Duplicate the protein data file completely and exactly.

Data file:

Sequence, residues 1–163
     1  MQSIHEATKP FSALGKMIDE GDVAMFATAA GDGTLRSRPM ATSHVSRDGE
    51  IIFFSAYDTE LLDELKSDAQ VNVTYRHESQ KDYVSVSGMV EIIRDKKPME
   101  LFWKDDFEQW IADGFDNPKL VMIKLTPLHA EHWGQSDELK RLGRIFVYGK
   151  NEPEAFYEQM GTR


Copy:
Sequence, residues 1–163
     1  MQSIHEATKP FSALGKMIDE GDVAMFATAA GDGTLRSRPM ATSHVSRDGE
    51  IIFFSAYDTE LLDELKSDAQ VNVTYRHESQ KDYVSVSGMV EIIRDKKPME
   101  LFWKDDFEQW IADGFDNPKL VMIKLTPLHA EHWGQSDELK RLGRIFVYGK
   151  NEPEAFYEQM GTR